Security Flaws Allowing Hackers to Brute Force Twitter Passwords

Security Flaws Allowing Hackers to Brute Force Twitter Passwords 

A security flaw has been discovered in popular micro blogging site 'Twitter' which is allowing an malicious attack to brute force user's passwords.  On Saturday, multimedia producer and Twitter user Daniel Dennis Jones (@blanket) received a notification that his Twitter password had been reset. This alone would have been cause for concern; at the very least, it would mean that someone had tried and failed to access his account. He quickly found out that the problem was much worse than he expected. He was eventually able to log back into the account, but found that his username had been changed to @FuckMyAssHoleLO , and that @blanket was now operated by someone else. His account, in other words, had clearly been hacked. After seeing the above scenario it is very clear that - Twitter's password reset process allows hackers to attempt a more wide-ranging brute force approach to breaking into accounts than other services with more restrictive systems. Both Apple and Amazon quickly closed the loopholes that led to Honan's hack, but Twitter accounts (the ultimate prize Honan's hackers were after) remain surprisingly vulnerable to unsophisticated hacking efforts. That vulnerability was on display this past weekend as a desirable group of "OG" Twitter handles the short, memorable, one-word names that got snapped up when the service launched were brute-force hacked by a group of kids looking to make a little cash and impress their friends.

Daniel Jones is not the only victim of this recently discovered vulnerability, many other people around the globe also fallen victim of this security hole. After a day of research, Jones "got to the bottom of a little ring of kids who crack passwords to gain access to handles" - he found a number of other short, memorable handles like @hah, @captain, and @craves had also been hacked. Judging from the conversations he saw over Twitter, these hackers were not sophisticated social engineers, but just a group of teenagers trying to sell the names they had collected. Eventually, Jones had a long Skype conversation with a 14-year-old hacker who goes by Mason he wasn't the one who stole @blanket from Jones, but he was part of the young crew grabbing and selling these desirable names.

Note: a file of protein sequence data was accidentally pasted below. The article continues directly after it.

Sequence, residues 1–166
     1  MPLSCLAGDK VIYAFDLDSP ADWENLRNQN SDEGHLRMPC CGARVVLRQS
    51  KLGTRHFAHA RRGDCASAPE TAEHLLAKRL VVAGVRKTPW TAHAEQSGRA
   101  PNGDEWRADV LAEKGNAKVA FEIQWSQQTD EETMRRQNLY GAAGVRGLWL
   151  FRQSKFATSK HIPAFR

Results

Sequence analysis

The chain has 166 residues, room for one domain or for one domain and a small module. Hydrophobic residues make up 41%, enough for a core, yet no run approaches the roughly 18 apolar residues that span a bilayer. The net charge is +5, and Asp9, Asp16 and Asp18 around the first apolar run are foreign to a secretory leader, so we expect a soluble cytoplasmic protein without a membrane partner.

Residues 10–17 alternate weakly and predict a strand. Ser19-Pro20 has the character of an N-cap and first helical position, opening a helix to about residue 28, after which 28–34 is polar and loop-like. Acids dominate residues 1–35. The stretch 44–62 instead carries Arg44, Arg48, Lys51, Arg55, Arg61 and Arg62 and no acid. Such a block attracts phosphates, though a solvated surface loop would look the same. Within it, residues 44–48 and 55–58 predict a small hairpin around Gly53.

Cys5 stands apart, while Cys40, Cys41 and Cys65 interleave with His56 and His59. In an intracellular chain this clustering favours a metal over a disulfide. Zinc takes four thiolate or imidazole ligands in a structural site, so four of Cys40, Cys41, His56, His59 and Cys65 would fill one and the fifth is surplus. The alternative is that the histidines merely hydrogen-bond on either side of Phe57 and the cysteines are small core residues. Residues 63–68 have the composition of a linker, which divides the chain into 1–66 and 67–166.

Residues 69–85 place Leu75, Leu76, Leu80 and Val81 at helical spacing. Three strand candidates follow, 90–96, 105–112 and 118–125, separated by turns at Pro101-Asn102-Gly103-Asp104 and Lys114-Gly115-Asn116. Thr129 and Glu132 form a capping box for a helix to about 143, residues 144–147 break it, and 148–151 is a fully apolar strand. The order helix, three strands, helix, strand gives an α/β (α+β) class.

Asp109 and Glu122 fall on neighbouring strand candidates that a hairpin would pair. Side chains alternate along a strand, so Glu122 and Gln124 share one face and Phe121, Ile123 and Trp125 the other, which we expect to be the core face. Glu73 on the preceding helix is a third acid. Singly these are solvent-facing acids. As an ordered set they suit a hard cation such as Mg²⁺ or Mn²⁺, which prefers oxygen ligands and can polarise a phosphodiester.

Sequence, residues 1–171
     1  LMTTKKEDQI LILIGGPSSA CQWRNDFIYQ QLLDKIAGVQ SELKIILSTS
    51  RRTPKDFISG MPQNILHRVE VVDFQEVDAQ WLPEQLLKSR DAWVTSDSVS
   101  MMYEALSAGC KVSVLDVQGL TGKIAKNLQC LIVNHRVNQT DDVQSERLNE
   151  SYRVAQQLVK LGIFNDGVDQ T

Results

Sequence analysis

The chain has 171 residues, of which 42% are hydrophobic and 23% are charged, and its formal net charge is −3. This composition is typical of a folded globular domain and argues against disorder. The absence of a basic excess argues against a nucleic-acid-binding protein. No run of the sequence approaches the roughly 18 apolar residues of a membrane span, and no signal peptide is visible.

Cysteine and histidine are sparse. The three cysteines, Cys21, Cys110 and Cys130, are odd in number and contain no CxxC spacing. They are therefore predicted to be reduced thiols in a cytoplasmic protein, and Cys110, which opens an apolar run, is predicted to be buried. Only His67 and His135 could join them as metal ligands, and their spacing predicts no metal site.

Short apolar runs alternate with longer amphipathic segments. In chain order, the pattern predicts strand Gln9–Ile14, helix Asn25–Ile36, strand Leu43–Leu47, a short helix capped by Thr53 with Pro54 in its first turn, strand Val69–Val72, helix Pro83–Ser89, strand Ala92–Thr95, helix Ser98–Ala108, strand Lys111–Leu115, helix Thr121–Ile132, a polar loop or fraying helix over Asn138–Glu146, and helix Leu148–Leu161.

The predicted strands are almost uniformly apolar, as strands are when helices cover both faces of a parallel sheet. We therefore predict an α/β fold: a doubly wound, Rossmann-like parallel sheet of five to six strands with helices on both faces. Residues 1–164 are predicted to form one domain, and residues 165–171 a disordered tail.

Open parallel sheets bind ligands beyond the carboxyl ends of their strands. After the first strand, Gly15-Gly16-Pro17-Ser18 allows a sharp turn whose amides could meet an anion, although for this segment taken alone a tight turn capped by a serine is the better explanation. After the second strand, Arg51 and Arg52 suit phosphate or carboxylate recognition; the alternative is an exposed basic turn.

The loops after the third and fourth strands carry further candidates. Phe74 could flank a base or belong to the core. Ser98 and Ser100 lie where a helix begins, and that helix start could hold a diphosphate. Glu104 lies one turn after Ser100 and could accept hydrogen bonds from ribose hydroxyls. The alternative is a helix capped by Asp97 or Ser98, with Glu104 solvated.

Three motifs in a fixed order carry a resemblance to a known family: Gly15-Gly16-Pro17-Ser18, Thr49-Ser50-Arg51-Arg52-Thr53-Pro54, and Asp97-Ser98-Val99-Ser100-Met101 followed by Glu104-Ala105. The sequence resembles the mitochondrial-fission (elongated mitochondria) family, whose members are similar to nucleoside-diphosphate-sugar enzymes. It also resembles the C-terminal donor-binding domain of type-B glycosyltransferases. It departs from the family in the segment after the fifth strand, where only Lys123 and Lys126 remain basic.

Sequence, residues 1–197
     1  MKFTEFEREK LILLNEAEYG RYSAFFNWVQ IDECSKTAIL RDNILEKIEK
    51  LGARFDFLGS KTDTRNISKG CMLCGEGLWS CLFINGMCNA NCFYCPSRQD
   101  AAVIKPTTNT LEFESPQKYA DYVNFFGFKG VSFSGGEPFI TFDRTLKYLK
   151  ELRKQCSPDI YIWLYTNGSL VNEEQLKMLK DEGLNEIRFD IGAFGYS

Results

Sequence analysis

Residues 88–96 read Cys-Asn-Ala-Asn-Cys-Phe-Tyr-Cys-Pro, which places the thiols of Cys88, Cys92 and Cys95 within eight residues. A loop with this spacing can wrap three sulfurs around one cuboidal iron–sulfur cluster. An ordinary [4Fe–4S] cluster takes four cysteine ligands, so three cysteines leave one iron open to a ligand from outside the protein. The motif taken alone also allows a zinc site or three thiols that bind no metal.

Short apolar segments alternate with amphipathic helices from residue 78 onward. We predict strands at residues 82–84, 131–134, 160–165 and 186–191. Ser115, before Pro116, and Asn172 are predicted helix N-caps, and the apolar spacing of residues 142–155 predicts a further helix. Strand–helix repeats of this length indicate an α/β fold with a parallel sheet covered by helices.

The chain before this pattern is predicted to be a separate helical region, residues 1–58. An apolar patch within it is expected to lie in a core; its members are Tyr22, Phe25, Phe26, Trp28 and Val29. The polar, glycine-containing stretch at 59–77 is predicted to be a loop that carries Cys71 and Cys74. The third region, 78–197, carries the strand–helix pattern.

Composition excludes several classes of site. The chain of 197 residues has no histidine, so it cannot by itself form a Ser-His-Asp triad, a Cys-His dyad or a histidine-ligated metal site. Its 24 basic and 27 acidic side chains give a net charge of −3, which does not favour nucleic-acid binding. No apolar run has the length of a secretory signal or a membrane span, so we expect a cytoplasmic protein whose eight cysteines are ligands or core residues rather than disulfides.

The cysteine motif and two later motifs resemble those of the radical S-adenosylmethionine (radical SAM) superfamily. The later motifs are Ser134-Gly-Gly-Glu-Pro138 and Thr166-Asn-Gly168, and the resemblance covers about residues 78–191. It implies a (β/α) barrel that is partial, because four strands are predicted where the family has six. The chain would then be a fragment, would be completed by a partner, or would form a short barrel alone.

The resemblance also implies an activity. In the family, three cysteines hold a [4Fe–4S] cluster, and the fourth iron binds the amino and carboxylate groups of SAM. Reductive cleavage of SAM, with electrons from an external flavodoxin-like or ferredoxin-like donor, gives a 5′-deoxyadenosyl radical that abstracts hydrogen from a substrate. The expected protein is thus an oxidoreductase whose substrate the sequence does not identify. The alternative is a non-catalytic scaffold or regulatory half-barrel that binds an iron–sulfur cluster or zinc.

Of course, Twitter's security regimen is probably not all that different from that of many other sites. According to Jeremiah Grossman, CTO and co-founder of Whitehat Security, the attack that victimized Jones was "very, very common....Perhaps Twitter could have a bit stronger and more comprehensive approach to dealing with brute force attacks, but they can really only take it so far before annoying their users." 
We personally think that, after this case twitter should implement two step authentication, like Google to prevent its user getting compromised

-Source (Buzz Feed & CNET)


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